Sheriff McMahon has chosen a different path, saying through a spokesperson that from the Sheriff’s Office point of view, it’s “all or nothing,” meaning McMahon will not direct officers to distinguish between types of masks — or to police the motivations for wearing those masks.

And that’s where the petition attempts to intervene, asking that “any individuals in violation of [the 1953 law] shall be denied entry to relevant public meetings and removed from public property until that which time they come into compliance with state law through the removal of any devices that conceal their identity.”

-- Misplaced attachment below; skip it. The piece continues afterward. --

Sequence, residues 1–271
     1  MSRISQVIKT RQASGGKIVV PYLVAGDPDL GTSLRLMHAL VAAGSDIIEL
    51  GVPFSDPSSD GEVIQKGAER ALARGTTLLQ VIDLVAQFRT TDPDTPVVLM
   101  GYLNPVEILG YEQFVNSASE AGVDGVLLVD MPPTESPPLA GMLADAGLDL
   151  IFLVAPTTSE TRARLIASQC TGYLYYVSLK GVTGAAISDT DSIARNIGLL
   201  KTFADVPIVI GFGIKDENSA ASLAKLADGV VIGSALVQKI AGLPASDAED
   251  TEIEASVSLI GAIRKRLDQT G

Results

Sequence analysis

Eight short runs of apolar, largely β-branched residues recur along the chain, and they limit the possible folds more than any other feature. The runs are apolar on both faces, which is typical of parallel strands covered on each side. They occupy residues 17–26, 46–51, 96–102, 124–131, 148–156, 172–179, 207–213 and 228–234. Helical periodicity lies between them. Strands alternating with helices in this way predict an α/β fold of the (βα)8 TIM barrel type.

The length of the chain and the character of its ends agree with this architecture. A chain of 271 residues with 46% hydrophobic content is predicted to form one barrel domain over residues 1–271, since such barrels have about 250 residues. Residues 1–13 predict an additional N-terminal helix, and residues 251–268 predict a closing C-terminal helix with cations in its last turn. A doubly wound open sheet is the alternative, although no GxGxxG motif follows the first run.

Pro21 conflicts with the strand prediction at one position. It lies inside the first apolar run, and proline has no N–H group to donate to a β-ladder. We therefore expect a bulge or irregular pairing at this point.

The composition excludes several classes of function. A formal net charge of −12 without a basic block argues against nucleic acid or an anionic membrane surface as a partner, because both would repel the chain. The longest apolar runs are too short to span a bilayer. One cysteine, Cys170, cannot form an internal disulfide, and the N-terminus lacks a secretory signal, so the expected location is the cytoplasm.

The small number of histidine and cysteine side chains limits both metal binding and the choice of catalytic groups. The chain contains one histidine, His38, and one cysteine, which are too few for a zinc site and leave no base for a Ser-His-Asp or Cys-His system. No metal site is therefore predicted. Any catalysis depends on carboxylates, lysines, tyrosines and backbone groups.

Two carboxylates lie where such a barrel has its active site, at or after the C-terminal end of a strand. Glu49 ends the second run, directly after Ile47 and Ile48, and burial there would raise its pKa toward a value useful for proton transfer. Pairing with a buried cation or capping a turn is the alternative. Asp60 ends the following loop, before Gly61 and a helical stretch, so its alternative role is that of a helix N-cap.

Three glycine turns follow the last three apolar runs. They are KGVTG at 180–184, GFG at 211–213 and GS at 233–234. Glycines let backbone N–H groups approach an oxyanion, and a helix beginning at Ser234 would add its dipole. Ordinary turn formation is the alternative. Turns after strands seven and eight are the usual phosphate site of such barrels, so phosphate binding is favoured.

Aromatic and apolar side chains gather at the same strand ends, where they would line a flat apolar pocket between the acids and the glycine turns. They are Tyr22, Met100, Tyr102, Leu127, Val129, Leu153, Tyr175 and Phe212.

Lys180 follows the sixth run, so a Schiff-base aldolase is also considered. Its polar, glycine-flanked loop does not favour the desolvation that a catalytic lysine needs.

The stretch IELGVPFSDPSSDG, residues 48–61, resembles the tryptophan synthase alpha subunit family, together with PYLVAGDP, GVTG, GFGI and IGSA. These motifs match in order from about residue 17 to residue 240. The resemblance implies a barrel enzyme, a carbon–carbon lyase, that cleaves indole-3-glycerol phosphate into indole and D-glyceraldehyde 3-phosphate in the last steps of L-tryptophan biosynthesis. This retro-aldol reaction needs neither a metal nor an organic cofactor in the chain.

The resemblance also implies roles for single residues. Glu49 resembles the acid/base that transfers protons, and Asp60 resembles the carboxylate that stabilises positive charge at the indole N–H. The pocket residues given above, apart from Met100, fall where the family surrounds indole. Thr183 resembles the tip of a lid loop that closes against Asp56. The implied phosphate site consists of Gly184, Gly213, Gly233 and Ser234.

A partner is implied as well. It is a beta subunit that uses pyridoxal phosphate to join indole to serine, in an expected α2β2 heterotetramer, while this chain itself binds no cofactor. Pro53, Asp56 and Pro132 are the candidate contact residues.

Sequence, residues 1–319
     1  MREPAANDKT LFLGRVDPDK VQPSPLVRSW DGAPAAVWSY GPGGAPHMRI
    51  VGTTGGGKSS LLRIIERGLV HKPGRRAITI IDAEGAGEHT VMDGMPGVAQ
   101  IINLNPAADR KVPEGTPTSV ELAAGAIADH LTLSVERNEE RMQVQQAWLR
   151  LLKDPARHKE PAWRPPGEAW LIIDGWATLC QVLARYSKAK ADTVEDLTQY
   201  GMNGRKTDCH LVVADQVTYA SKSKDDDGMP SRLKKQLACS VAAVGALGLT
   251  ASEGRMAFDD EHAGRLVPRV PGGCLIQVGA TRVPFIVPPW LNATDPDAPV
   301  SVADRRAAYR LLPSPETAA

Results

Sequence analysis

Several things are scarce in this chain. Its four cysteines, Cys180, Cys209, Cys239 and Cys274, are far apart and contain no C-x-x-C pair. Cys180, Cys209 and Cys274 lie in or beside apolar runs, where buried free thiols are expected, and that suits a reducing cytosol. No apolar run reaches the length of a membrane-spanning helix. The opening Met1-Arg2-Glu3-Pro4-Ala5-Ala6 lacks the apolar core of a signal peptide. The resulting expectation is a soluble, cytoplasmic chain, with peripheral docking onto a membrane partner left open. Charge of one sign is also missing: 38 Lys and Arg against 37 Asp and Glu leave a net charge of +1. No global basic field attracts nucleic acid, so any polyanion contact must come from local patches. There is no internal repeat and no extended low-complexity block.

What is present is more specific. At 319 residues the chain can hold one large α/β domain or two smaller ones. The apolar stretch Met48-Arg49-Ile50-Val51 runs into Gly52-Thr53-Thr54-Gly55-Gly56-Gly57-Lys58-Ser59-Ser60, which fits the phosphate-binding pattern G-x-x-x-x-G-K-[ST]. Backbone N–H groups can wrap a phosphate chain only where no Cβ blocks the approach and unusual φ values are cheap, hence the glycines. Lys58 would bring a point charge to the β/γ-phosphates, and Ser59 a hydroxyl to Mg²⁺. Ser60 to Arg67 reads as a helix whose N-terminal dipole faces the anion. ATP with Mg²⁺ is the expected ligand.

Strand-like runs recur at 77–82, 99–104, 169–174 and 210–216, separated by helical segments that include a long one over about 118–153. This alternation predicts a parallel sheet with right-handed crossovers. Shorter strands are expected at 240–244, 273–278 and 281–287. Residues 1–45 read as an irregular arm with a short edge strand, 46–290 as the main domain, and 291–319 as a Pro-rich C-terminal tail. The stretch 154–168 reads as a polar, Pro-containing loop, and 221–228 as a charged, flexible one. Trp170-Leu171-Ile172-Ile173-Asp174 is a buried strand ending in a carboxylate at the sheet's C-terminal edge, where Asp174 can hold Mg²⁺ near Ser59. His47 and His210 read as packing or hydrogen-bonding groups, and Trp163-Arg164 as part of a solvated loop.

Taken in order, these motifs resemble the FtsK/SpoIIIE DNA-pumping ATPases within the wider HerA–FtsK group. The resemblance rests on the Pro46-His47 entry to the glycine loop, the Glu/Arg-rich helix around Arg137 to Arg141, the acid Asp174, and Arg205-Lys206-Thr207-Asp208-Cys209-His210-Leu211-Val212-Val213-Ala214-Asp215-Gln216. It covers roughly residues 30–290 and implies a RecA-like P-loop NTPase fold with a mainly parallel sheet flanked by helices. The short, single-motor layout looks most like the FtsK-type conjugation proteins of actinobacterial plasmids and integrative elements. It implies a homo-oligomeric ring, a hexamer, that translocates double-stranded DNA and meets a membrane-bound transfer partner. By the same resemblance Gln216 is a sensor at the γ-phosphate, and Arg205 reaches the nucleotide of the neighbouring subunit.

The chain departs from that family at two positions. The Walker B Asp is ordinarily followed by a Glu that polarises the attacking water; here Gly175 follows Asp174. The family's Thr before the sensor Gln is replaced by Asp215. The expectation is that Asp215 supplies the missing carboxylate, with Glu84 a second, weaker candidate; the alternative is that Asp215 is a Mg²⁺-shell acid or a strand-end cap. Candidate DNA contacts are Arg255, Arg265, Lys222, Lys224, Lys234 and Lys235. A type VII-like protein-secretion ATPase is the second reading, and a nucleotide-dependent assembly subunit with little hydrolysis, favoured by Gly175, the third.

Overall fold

Most CRAC members supported, one respectfully dissented

The petition is aimed at local government bodies, including the County Commissioners, the county Health and Human Services board, Wilmington City Council, and local law enforcement, namely the Wilmington Police Department and the New Hanover County Sheriff’s Office.

During its meeting last week, CRAC approved a resolution to support the petition as written.

Of the voting members who were present, only New Hanover County appointee Dr. Kaari Snook was the only dissenting vote.

“This is going to back law enforcement into a corner… I think it might provide the opposite effect,” Snook said during the meeting. “There may start to be social media campaigns where if we insist that they’re arrested because of the mask, and there’s some time in the future where people have to wear masks for health, [the Proud Boys will] be like ‘why aren’t you arresting these guys?’”